This is the 1st part of the story. The 2nd part of the story is even more remarkable.

Some years later, Mr. Schamroth died of a 2nd heart attack. And during the shivah, 2 remarkable things happened. 2 men each came to pay a shivah call, each on a separate day, but both with the same story. They each told the family that Mr. Schamroth had recently brokered the sale of some diamonds for them, but that they had not yet had a chance to pay him his broker’s commission. And so they wanted to reassure the family that they would send them the checks that were due to them within the week.

These 2 men did not have to admit that they owed Mr. Schamroth money. There were no records. The transactions were conducted, like almost everything else on 47th Street—with a handshake and a mazel and bracha. But just as his word was sacred to David Schamroth, it was sacred to these men too.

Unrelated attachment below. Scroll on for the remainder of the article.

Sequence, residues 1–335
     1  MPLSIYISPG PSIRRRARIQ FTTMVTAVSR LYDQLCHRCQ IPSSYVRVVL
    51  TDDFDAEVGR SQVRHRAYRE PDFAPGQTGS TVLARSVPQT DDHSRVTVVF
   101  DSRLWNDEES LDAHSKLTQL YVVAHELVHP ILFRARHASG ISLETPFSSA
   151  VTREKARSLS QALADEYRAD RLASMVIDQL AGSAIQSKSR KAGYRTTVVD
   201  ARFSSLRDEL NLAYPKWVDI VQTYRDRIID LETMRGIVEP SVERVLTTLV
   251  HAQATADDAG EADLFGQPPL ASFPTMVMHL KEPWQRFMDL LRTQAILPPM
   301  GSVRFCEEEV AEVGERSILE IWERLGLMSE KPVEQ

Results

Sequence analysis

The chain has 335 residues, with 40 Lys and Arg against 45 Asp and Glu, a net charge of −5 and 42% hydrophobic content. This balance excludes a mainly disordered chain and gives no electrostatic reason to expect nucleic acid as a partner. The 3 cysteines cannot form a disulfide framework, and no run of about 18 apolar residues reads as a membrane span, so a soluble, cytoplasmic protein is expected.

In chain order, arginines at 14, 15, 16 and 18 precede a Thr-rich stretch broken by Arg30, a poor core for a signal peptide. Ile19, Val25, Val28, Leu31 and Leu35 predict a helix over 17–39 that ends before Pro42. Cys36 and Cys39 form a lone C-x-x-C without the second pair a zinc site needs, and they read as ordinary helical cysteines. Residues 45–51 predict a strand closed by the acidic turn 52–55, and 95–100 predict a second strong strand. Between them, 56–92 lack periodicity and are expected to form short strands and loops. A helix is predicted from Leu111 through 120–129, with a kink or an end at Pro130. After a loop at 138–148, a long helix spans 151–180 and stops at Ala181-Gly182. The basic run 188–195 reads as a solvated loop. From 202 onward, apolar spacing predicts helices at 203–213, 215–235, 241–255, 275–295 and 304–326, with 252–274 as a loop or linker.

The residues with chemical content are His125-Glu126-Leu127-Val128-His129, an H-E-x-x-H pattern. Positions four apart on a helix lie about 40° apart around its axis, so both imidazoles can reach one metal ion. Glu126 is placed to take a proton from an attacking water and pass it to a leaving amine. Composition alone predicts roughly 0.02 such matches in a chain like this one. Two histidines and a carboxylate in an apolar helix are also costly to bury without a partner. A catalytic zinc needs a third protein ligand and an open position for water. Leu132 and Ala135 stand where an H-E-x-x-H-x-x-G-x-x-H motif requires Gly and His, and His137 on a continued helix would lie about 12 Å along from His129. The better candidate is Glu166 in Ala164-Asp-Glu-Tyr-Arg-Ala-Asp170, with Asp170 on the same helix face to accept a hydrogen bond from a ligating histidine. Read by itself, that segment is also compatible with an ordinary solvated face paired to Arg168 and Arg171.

The article mentions that Mr. Schamroth was not particularly observant as many of the diamond merchants on 47th Street are. Nevertheless, he took the opening words of today’s parsha very seriously as did these 2 men who paid the family what they owed him after shiva. For all 3 of them, to break their word would have been a sacrilege. Jews just don’t do that at least not in the diamond industry.

And this has been the case throughout history. 2 examples from American history: The “Triangular Trade” routes from Colonial America to the Caribbean to Europe and the expansion of the clothing industry in the 19th century only came about because Jewish manufacturers and Jewish merchants trusted each other and goods were shipped on consignment trusting that they would get paid from their fellow Jew.